1The burden against Damascus. “Behold, Damascus will cease from being a city, And it will be a ruinous heap. 2The cities of Aroer are forsaken; They will be for flocks Which lie down, and no one will make them afraid. 3 The fortress also will cease from Ephraim, The kingdom from Damascus, And the remnant of Syria; They will be as the glory of the children of Israel,” Says the Lord of hosts. 4“In that day it shall come to pass That the glory of Jacob will wane, And the fatness of his flesh grow lean. 5 It shall be as when the harvester gathers the grain, And reaps the heads with his arm; It shall be as he who gathers heads of grain In the Valley of Rephaim. 6 Yet gleaning grapes will be left in it, Like the shaking of an olive tree, Two or three olives at the top of the uppermost bough, Four or five in its most fruitful branches,” Says the Lord God of Israel. 7In that day a man will look to his Maker, And his eyes will have respect for the Holy One of Israel. 8He will not look to the altars, The work of his hands; He will not respect what his fingers have made, Nor the wooden images nor the incense altars. 9In that day his strong cities will be as a forsaken bough And an uppermost branch, Which they left because of the children of Israel; And there will be desolation. 10Because you have forgotten the God of your salvation, And have not been mindful of the Rock of your stronghold, Therefore you will plant pleasant plants And set out foreign seedlings; 11In the day you will make your plant to grow, And in the morning you will make your seed to flourish; But the harvest will be a heap of ruins In the day of grief and desperate sorrow. 12Woe to the multitude of many people Who make a noise like the roar of the seas, And to the rushing of nations That make a rushing like the rushing of mighty waters! 13The nations will rush like the rushing of many waters; But God will rebuke them and they will flee far away, And be chased like the chaff of the mountains before the wind, Like a rolling thing before the whirlwind. 14Then behold, at eventide, trouble! And before the morning, he is no more. This is the portion of those who plunder us, And the lot of those who rob us.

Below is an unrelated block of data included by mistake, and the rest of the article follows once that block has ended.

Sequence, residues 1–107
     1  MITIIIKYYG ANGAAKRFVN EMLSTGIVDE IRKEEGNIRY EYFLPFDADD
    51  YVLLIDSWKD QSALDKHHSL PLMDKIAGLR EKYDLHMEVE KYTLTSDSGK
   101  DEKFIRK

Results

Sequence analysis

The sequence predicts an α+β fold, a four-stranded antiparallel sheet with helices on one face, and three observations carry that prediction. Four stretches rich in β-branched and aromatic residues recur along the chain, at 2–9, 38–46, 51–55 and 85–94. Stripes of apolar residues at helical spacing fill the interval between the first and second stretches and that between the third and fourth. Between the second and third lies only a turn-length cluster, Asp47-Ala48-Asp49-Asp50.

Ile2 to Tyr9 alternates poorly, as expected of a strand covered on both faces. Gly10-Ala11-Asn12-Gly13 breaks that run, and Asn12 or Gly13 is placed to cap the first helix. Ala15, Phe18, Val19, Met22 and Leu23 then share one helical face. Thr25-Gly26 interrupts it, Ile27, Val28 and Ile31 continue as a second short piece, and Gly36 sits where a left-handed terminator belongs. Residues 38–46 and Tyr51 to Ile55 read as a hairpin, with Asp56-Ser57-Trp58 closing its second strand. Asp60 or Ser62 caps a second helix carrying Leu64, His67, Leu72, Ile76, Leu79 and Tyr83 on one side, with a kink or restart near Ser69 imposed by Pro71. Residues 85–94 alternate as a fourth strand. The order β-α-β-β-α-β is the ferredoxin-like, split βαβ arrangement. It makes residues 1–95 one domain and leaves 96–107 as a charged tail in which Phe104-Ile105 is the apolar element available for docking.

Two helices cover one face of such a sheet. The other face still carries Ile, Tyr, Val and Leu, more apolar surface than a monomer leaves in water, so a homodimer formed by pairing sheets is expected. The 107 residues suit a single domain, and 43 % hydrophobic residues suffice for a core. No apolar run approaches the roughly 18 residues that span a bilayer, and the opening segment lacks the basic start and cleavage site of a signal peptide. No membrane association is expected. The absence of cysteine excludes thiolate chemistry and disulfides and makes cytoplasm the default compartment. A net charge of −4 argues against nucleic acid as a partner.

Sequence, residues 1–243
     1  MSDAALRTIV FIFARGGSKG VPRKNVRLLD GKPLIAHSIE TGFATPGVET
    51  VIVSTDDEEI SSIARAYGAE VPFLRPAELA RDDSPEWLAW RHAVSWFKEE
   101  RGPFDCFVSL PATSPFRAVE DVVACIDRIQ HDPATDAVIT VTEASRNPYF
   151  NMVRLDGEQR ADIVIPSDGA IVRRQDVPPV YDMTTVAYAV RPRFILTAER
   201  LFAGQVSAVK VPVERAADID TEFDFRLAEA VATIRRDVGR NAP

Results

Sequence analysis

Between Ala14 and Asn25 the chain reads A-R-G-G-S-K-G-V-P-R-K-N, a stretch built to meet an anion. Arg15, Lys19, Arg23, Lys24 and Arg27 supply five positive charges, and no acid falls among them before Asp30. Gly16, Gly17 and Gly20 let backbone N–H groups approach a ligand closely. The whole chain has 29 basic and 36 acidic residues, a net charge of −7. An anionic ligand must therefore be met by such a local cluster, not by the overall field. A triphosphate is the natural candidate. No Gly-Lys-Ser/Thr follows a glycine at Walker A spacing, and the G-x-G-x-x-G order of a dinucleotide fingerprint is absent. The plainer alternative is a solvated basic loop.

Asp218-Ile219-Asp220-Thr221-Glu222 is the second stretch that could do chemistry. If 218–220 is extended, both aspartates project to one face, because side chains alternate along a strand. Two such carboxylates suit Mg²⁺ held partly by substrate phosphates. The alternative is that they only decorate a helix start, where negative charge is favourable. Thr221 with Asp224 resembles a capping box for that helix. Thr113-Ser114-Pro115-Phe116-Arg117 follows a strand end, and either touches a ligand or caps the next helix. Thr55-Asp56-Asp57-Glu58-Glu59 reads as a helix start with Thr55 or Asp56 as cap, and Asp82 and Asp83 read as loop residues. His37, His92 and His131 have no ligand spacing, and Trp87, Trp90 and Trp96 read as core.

What does Isaiah chapter 17 mean?

This chapter is another prophecy from the Lord regarding one of the nations which surrounded Israel. Here Isaiah focuses on an earlier time, as compared to events of the previous oracles. The prophecy transitions from Damascus and becomes about God's judgment and salvation of Israel.